Budesonide induces remission more effectively than prednisone in a controlled trial of patients with autoimmune hepatitis

Michael P. Manns, Marek Woynarowski, Wolfgang Kreisel, Yoav Lurie, Christian Rust, Elimelech Zuckerman, Matthias J. Bahr, Rainer Gnther, Rolf W. Hultcrantz, Ulrich Spengler, Ansgar W. Lohse, F. Szalay, Martti Frkkil, Markus Prls, Christian P. Strassburg

Research output: Article

230 Citations (Scopus)

Abstract

Background & Aims Autoimmune hepatitis (AIH) is a chronic liver disease associated with cirrhosis and liver failure. Corticosteroid therapy induces long-term remission but has many side effects. We compared the effects of budesonide (a steroid that is rapidly metabolized, with low systemic exposure) and prednisone, both in combination with azathioprine. Methods We performed a 6-month, prospective, double-blind, randomized, active-controlled, multicenter, phase IIb trial of patients with AIH without evidence of cirrhosis who were given budesonide (3 mg, three times daily or twice daily) or prednisone (40 mg/d, tapered to 10 mg/d); patients also received azathioprine (12 mg/kg/d). Treatment was followed by a 6-month, open-label phase during which all patients received budesonide in addition to azathioprine. The primary end point was complete biochemical remission, defined as normal serum levels of aspartate aminotransferase and alanine aminotransferase, without predefined steroid-specific side effects, at 6 months. Results The primary end point was achieved in 47/100 patients given budesonide (47.0%) and in 19/103 patients given prednisone (18.4%) (P <.001; 97.5% 1-side confidence interval [CI] = 16.2). At 6 months, complete biochemical remission occurred in 60% of the patients given budesonide versus 38.8% of those given prednisone (P = .001; CI: 7.7); 72.0% of those in the budesonide group did not develop steroid-specific side effects versus 46.6% in the prednisone group (P <.001; CI = 12.3). Among 87 patients who were initially given prednisone and then received budesonide after 6 months, steroid-specific side effects decreased from 44.8% to 26.4% at month 12 (P <.002). Conclusions Oral budesonide, in combination with azathioprine, induces and maintains remission in patients with noncirrhotic AIH, with a low rate of steroid-specific side effects.

Original languageEnglish
Pages (from-to)1198-1206
Number of pages9
JournalGastroenterology
Volume139
Issue number4
DOIs
Publication statusPublished - 2010

Fingerprint

Budesonide
Autoimmune Hepatitis
Prednisone
Azathioprine
Steroids
Confidence Intervals
Fibrosis
Liver Failure
Aspartate Aminotransferases
Alanine Transaminase
Liver Diseases
Adrenal Cortex Hormones
Chronic Disease
Therapeutics

ASJC Scopus subject areas

  • Gastroenterology
  • Medicine(all)

Cite this

Manns, M. P., Woynarowski, M., Kreisel, W., Lurie, Y., Rust, C., Zuckerman, E., ... Strassburg, C. P. (2010). Budesonide induces remission more effectively than prednisone in a controlled trial of patients with autoimmune hepatitis. Gastroenterology, 139(4), 1198-1206. https://doi.org/10.1053/j.gastro.2010.06.046

Budesonide induces remission more effectively than prednisone in a controlled trial of patients with autoimmune hepatitis. / Manns, Michael P.; Woynarowski, Marek; Kreisel, Wolfgang; Lurie, Yoav; Rust, Christian; Zuckerman, Elimelech; Bahr, Matthias J.; Gnther, Rainer; Hultcrantz, Rolf W.; Spengler, Ulrich; Lohse, Ansgar W.; Szalay, F.; Frkkil, Martti; Prls, Markus; Strassburg, Christian P.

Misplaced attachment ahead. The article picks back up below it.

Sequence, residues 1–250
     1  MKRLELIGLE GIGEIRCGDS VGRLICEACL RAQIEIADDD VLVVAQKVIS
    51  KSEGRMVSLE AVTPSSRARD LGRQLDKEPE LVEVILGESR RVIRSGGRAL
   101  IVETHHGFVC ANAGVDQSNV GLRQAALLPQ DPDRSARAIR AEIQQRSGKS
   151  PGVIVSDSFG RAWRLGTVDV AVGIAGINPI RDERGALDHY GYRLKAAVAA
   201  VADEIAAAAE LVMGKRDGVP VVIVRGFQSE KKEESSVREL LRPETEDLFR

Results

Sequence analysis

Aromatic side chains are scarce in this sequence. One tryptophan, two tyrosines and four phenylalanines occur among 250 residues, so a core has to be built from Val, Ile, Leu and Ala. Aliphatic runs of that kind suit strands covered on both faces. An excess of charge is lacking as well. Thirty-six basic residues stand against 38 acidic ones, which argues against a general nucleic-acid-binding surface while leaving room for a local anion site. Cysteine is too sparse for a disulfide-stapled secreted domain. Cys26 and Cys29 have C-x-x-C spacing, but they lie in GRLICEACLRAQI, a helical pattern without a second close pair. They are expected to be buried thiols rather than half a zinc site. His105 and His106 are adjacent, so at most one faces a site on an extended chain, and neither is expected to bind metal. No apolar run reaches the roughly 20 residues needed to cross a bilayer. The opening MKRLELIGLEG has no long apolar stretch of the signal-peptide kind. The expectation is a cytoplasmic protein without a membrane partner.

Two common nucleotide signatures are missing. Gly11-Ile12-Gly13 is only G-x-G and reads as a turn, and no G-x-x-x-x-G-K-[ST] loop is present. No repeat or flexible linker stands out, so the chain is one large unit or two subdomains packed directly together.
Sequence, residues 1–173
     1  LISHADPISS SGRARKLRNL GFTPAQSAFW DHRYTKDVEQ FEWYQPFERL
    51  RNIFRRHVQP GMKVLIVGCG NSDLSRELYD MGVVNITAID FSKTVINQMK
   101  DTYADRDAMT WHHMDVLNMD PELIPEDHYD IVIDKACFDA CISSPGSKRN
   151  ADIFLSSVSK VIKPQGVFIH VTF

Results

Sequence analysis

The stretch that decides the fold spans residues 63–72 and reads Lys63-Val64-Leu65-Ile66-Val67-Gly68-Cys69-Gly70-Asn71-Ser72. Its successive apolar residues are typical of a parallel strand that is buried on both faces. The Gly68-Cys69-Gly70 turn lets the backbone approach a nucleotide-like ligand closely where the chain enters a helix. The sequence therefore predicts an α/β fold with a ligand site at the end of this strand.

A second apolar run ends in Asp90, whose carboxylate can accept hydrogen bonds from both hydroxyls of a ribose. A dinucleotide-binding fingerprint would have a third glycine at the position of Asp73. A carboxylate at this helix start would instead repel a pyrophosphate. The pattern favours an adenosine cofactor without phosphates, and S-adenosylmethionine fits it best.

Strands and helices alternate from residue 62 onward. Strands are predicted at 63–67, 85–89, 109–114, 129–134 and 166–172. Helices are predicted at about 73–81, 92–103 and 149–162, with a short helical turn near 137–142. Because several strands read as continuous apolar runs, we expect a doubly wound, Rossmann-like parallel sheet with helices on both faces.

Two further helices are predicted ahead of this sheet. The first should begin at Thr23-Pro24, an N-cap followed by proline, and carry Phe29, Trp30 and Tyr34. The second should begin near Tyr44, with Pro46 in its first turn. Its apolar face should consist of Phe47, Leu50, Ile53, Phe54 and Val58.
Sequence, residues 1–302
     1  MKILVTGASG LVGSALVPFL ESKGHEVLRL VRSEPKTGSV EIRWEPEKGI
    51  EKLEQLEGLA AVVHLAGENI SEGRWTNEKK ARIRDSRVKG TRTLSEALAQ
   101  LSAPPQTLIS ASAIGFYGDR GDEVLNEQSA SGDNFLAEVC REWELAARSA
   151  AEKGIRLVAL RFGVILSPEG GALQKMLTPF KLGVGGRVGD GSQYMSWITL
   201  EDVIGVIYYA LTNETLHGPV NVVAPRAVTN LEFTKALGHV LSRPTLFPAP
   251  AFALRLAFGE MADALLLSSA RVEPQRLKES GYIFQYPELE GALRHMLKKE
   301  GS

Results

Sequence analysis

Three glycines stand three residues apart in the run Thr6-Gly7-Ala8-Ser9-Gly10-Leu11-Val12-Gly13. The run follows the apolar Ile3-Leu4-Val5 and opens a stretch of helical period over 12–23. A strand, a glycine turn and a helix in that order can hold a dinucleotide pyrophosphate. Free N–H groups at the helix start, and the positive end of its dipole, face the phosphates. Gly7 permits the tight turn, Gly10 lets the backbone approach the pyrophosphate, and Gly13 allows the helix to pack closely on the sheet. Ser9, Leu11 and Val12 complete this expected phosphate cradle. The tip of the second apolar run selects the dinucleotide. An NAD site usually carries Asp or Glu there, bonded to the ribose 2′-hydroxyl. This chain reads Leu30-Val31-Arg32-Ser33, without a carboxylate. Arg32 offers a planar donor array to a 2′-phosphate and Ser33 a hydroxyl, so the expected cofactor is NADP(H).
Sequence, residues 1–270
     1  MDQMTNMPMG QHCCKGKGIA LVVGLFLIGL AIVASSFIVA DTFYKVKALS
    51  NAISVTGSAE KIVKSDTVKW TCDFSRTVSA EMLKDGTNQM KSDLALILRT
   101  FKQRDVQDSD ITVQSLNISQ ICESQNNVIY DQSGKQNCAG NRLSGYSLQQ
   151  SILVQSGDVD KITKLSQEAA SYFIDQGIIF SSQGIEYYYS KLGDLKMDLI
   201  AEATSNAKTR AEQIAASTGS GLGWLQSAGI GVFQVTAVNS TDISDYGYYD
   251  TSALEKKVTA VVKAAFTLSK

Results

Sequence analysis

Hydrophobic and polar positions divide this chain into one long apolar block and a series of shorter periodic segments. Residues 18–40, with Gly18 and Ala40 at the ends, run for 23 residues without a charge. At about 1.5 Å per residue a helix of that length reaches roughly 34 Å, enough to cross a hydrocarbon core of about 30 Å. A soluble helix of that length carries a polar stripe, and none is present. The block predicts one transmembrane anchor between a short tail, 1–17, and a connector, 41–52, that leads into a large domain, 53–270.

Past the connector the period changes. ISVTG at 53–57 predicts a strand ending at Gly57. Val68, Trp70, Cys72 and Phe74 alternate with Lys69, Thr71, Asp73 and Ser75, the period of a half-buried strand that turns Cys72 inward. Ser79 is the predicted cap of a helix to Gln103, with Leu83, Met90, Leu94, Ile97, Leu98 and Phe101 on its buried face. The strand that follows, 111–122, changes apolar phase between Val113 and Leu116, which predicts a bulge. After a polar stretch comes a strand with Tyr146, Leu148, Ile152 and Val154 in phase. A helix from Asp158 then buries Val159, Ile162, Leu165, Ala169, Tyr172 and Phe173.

In: Gastroenterology, Vol. 139, No. 4, 2010, p. 1198-1206.

Research output: Article

Manns, MP, Woynarowski, M, Kreisel, W, Lurie, Y, Rust, C, Zuckerman, E, Bahr, MJ, Gnther, R, Hultcrantz, RW, Spengler, U, Lohse, AW, Szalay, F, Frkkil, M, Prls, M & Strassburg, CP 2010, 'Budesonide induces remission more effectively than prednisone in a controlled trial of patients with autoimmune hepatitis', Gastroenterology, vol. 139, no. 4, pp. 1198-1206. https://doi.org/10.1053/j.gastro.2010.06.046
Manns, Michael P. ; Woynarowski, Marek ; Kreisel, Wolfgang ; Lurie, Yoav ; Rust, Christian ; Zuckerman, Elimelech ; Bahr, Matthias J. ; Gnther, Rainer ; Hultcrantz, Rolf W. ; Spengler, Ulrich ; Lohse, Ansgar W. ; Szalay, F. ; Frkkil, Martti ; Prls, Markus ; Strassburg, Christian P. / Budesonide induces remission more effectively than prednisone in a controlled trial of patients with autoimmune hepatitis. In: Gastroenterology. 2010 ; Vol. 139, No. 4. pp. 1198-1206.
@article{5b10fa5c16b4454bb578d981c28d26e1,
title = "Budesonide induces remission more effectively than prednisone in a controlled trial of patients with autoimmune hepatitis",
abstract = "Background & Aims Autoimmune hepatitis (AIH) is a chronic liver disease associated with cirrhosis and liver failure. Corticosteroid therapy induces long-term remission but has many side effects. We compared the effects of budesonide (a steroid that is rapidly metabolized, with low systemic exposure) and prednisone, both in combination with azathioprine. Methods We performed a 6-month, prospective, double-blind, randomized, active-controlled, multicenter, phase IIb trial of patients with AIH without evidence of cirrhosis who were given budesonide (3 mg, three times daily or twice daily) or prednisone (40 mg/d, tapered to 10 mg/d); patients also received azathioprine (12 mg/kg/d). Treatment was followed by a 6-month, open-label phase during which all patients received budesonide in addition to azathioprine. The primary end point was complete biochemical remission, defined as normal serum levels of aspartate aminotransferase and alanine aminotransferase, without predefined steroid-specific side effects, at 6 months. Results The primary end point was achieved in 47/100 patients given budesonide (47.0{\%}) and in 19/103 patients given prednisone (18.4{\%}) (P <.001; 97.5{\%} 1-side confidence interval [CI] = 16.2). At 6 months, complete biochemical remission occurred in 60{\%} of the patients given budesonide versus 38.8{\%} of those given prednisone (P = .001; CI: 7.7); 72.0{\%} of those in the budesonide group did not develop steroid-specific side effects versus 46.6{\%} in the prednisone group (P <.001; CI = 12.3). Among 87 patients who were initially given prednisone and then received budesonide after 6 months, steroid-specific side effects decreased from 44.8{\%} to 26.4{\%} at month 12 (P <.002). Conclusions Oral budesonide, in combination with azathioprine, induces and maintains remission in patients with noncirrhotic AIH, with a low rate of steroid-specific side effects.",